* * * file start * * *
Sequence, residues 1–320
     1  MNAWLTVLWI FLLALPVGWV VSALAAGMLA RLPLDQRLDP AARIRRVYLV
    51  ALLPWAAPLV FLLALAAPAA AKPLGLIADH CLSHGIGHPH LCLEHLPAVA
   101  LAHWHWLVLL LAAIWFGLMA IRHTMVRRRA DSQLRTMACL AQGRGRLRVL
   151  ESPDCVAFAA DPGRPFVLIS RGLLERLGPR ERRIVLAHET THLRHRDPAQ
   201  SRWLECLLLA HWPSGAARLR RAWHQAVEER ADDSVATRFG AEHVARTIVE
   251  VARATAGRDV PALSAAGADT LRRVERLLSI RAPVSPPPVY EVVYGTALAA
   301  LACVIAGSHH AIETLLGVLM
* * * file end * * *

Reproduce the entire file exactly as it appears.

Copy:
Sequence, residues 1–320
     1  MNAWLTVLWI FLLALPVGWV VSALAAGMLA RLPLDQRLDP AARIRRVYLV
    51  ALLPWAAPLV FLLALAAPAA AKPLGLIADH CLSHGIGHPH LCLEHLPAVA
   101  LAHWHWLVLL LAAIWFGLMA IRHTMVRRRA DSQLRTMACL AQGRGRLRVL
   151  ESPDCVAFAA DPGRPFVLIS RGLLERLGPR ERRIVLAHET THLRHRDPAQ
   201  SRWLECLLLA HWPSGAARLR RAWHQAVEER ADDSVATRFG AEHVARTIVE
   251  VARATAGRDV PALSAAGADT LRRVERLLSI RAPVSPPPVY EVVYGTALAA
   301  LACVIAGSHH AIETLLGVLM